So what is this HOPE?

For me, UKZN’s Centre for Creative Arts and this JOMBA! Festival is a space of hope. JOMBA! tonight begins its 20th anniversary festival as a space that has championed our collective deep abiding passion and need for art, for the political and personal right of all of us to access cultural expression as our democratic birth right — be this as artist, as dancer, as journalist, as academic, or as audience, reader or listener.

Being the artistic director of this festival has been for me an act of service — what the Hindu’s called BHAKTI — where I — and the extraordinary team I work with — have had to find courage to be these “keepers of hope”. This is the legacy we hope to continue to build.

Being with UNMUTE DANCE COMPAY has also meant that I have had the privilege of stepping into the love and learning of a faith that is not my own and so I would like, in honour of UNMUTE dancer and choreographer — and friend — Yaseen Manuel, to graciously borrow a term from the faith of Islam.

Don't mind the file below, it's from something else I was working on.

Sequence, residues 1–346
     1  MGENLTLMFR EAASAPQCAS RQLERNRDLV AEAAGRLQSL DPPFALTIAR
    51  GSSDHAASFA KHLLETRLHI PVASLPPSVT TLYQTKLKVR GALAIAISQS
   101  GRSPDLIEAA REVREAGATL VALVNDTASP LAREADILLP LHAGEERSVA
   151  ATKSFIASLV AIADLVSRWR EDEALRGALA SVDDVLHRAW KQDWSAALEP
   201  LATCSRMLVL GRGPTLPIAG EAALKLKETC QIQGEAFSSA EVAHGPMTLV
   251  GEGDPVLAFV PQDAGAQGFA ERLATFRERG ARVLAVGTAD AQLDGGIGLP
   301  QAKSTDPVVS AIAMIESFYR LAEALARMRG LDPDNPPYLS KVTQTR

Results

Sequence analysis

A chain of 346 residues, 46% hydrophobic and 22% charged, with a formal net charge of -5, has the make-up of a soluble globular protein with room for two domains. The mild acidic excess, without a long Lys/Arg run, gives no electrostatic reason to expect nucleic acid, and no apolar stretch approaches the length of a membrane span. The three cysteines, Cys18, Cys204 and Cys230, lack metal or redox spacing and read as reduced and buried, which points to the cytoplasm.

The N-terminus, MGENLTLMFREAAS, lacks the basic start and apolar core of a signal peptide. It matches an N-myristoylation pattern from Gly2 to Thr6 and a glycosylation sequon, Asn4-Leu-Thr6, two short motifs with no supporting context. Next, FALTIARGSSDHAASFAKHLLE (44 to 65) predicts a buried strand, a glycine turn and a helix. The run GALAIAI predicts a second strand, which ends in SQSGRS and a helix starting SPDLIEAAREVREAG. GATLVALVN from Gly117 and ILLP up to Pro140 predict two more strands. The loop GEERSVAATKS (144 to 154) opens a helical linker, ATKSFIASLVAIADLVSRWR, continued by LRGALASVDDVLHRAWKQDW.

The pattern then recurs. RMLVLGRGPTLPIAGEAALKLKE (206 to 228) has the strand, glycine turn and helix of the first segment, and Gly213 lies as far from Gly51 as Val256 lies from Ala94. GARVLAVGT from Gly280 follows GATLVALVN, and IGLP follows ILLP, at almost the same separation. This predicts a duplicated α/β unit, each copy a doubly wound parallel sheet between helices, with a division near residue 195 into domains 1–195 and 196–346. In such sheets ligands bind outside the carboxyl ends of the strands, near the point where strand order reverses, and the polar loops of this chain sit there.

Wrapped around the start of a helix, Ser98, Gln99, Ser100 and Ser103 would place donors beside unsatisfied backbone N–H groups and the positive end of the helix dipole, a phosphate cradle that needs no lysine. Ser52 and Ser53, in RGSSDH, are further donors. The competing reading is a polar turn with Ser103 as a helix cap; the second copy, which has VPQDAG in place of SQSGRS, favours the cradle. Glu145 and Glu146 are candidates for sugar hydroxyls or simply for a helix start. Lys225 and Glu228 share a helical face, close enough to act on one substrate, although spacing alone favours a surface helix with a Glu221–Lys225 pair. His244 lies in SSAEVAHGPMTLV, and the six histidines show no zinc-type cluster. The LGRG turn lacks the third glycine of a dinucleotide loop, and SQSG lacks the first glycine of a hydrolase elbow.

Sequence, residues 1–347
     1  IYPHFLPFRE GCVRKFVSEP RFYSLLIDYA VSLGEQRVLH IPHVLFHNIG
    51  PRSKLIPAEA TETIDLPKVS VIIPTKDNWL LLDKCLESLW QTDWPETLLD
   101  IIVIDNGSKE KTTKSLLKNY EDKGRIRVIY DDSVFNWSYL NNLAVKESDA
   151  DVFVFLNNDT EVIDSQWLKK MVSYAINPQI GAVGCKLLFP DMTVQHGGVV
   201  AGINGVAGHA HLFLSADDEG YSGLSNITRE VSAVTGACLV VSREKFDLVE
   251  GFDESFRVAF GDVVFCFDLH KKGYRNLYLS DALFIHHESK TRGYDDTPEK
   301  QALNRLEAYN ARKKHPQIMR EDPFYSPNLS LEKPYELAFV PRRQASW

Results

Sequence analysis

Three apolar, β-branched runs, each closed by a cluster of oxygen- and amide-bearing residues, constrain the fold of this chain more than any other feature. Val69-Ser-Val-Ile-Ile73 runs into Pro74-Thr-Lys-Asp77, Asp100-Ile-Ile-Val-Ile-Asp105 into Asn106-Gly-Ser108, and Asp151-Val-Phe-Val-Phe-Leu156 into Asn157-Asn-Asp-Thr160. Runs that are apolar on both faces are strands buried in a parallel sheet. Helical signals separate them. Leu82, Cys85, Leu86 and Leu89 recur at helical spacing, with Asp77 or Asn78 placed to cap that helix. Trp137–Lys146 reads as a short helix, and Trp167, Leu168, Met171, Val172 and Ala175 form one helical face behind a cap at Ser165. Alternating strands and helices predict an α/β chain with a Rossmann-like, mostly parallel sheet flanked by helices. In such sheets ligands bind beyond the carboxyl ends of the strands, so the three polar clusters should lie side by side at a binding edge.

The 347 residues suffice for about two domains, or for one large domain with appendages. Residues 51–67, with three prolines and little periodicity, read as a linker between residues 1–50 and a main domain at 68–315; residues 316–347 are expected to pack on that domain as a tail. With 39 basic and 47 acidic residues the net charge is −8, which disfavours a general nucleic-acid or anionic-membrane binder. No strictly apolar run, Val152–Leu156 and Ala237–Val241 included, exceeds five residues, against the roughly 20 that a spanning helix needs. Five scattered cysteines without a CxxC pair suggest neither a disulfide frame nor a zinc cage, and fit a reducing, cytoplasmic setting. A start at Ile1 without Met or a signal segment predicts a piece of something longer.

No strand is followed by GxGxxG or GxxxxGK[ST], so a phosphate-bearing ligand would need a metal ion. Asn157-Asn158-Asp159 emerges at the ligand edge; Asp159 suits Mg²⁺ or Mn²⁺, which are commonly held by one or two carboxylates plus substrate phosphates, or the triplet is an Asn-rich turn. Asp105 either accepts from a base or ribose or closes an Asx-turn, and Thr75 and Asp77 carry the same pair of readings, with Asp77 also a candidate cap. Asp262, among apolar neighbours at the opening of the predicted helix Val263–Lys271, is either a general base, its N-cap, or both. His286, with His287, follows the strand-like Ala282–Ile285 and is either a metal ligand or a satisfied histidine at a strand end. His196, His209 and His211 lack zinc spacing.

This term has been bandied about in the media significantly over the past few decades as a way of creating fear, hatred, and prejudice, and I think, has been part of creating cultural weapons against Muslims. However, for me it is a deeply significant term that has shifted my consciousness as both an artist and as someone who refuses to politically “go gently”.

This term is JIHAD — often understood to mean a holy war. If Western media is to be believed the JIHAD is against all who are not of an Islamic faith and that JIHAD is a violent defending of rights and faith.